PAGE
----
Thursday, March 18, 2010

An Article About the Darker Side of the Diamond Mining Trade in Cinta Larga, Brazil

I stumbled across this article in the Village Voice. It is the rather complex story about the darker side of the diamond mining trade in the Cinta Larga Indian Reserve of Brazil and one New Yorker's attempt an utter failure to make a fortune from it.

A thoroughly interesting read and a reminder of why we like to stay on the right side of the law.

(First page copied from the Village Voice online. Read the rest HERE)

A New York Operator's Trail of Blood, Bankruptcy, and Brazilian Diamonds

        The entrance to the 110-year-old brownstone at 2 East 12th Street, two blocks south of Union Square, isn't particularly dramatic or imposing. You have to step down to reach the front door. There's no doorman to wait on you.

Garimpeiros at work, photographed from a federal 
police helicopter in 2004.
                                                                                                      photos crdt: Newscom
Garimpeiros at work, photographed from a federal police helicopter in 2004.

        Looking at it, you wouldn't imagine that the basement apartment there was at the center of a bitter court fight that ranged from the West 47th Street Diamond District deep into the Amazon jungle, and involved smuggling, bribery, corruption, a $20 billion corporation, Stone Age Indians, and a massacre.
        Longtime New York diamond merchant Marco Kalisch and his wife, Mayra, owned the apartment, having lovingly restored it after combining it with the two adjacent units. They had a nice life—at least until Kalisch and his Brazilian partners tried to corner the market on rough diamonds being illegally mined on an Indian reservation in the Amazon.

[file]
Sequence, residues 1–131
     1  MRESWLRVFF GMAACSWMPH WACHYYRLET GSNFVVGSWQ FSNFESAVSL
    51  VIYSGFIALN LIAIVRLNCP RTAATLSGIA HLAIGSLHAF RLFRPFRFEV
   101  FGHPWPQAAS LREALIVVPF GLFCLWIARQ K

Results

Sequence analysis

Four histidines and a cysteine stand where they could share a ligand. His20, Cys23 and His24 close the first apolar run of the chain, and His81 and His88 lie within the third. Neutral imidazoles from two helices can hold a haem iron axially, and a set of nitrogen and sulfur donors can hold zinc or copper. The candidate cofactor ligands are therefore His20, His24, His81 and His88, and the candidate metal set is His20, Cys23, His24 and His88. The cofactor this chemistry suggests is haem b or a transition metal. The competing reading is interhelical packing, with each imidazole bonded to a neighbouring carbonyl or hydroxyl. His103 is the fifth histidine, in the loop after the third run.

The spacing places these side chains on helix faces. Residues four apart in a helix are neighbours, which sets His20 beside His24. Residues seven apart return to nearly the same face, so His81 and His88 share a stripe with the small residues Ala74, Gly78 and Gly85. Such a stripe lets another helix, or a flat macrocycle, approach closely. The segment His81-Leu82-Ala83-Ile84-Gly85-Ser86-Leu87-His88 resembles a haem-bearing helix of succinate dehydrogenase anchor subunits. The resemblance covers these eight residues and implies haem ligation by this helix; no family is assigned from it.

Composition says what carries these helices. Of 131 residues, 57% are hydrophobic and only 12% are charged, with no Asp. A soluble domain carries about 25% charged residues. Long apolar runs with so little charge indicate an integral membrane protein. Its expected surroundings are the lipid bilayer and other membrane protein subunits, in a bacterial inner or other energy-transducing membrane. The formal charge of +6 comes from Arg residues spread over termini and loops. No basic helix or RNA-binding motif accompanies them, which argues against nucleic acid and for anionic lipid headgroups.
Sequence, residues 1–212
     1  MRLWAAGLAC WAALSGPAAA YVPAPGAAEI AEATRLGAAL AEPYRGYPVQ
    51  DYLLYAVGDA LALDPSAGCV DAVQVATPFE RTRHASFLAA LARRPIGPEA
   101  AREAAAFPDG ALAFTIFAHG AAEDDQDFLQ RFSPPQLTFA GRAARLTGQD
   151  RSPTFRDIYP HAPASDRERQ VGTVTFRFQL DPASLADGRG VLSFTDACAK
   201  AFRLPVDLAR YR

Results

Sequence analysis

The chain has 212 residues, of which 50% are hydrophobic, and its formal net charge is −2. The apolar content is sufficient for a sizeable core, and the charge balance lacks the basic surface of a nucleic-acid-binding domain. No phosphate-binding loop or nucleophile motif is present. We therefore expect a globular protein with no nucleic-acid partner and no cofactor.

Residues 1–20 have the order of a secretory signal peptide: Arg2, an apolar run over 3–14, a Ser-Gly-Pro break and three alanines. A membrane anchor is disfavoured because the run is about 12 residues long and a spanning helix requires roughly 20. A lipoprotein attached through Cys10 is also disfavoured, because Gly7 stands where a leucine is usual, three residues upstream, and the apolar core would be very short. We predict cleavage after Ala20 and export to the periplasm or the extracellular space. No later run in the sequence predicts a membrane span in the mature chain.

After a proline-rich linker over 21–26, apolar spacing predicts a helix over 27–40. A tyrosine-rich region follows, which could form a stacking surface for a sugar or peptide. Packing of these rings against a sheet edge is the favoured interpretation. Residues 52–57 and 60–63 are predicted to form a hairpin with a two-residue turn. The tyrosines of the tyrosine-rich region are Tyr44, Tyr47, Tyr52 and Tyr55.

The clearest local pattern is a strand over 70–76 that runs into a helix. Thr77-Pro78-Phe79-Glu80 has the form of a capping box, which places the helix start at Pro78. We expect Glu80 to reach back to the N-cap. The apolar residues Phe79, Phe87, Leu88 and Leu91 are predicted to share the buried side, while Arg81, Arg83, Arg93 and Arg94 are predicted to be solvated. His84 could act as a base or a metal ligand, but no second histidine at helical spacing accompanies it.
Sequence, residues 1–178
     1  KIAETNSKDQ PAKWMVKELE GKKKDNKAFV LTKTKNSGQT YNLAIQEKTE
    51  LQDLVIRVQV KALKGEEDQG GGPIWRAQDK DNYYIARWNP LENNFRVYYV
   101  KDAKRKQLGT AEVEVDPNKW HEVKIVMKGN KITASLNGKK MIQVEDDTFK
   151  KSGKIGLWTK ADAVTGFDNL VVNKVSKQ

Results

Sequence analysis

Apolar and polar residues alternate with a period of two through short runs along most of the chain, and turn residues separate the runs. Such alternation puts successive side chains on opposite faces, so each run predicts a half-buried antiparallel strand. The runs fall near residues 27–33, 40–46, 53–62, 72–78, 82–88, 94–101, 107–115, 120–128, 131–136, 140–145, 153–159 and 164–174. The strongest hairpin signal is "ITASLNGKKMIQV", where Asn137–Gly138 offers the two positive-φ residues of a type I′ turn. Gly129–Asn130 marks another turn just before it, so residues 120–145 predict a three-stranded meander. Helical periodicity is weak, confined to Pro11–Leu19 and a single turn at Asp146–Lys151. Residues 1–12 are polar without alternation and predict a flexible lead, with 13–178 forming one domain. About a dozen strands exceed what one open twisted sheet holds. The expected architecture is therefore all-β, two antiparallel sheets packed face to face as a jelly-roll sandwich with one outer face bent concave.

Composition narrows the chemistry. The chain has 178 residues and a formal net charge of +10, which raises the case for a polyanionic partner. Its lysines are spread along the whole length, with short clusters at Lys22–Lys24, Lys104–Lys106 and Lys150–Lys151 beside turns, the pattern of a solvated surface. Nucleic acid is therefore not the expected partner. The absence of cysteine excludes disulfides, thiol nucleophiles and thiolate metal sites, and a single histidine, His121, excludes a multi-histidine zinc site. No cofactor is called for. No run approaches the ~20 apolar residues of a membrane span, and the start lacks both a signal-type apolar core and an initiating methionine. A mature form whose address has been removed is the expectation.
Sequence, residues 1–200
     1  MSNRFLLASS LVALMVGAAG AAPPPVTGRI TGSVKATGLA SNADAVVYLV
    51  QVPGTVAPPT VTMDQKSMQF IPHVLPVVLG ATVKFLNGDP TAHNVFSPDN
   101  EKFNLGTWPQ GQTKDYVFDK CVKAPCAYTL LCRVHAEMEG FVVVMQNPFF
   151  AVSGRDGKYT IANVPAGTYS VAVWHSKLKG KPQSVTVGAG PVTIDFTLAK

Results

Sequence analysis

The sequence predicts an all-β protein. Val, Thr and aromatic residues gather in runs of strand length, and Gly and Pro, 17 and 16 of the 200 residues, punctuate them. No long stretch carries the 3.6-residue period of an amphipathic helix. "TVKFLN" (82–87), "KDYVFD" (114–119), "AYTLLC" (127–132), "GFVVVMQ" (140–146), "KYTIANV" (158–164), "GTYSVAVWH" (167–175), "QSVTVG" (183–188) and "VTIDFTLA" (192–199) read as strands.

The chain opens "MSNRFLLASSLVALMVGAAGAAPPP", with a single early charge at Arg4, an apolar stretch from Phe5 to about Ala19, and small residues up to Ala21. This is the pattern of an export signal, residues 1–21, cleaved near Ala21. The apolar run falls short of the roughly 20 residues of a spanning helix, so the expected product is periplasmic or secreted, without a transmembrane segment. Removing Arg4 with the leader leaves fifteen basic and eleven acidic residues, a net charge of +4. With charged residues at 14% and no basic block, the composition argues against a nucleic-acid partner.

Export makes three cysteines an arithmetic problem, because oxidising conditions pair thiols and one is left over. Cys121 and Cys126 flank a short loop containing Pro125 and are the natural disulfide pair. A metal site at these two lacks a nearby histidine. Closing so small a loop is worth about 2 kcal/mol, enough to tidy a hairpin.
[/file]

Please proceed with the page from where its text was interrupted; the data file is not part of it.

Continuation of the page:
"The story told by Marco [Kalisch] could be the basis of a screenplay," a U.S. bankruptcy judge noted in his surprisingly novelistic description of the case that was almost completely ignored by the media. "The background [swirls] with references to shady dealings and long journeys into remote areas of the Amazon jungle, describes an apparently illegal conspiracy to obtain rough diamonds from . . . Indians in Brazil and import those diamonds into the United States for ultimate sale in the diamond market of Antwerp."
        That wild scheme, actually successful for a short time, ultimately blew up. And in the end, what the Americans involved in it were left to fight over was the basement apartment on East 12th Street—so far away from where the story starts, thousands of miles south, deep in inaccessible jungle.
        The 1,300-member Cinta Larga tribe, whose name means "Wide Belt," lives on a 6.7-million-acre Brazilian reservation of dense jungle, limited roads, and almost impassable rivers. The land, about 2,100 miles northwest of Rio de Janeiro, is reachable only via 100 miles of poorly maintained dirt roads. Inside the reserve, travel is limited largely to narrow foot trails and the river.
        The first extensively recorded encounter with white Westerners came during Theodore Roosevelt's historic expedition down the so-called River of Doubt, named for its extreme and dangerous conditions.
        When Roosevelt and the Brazilian explorer C├óndido Rondon, for whom the state is named, encountered them in 1914, the Cinta Larga had never seen a white man before. They were still living in the Stone Age, isolated by the river, and hadn't even thought to build boats.
        War for the Cinta Larga was a cultural obsession. The tribe decapitated and eviscerated their enemy's dead and grilled the meat over an open fire before bringing it home for their wives to slice, cook with water, and consume.....

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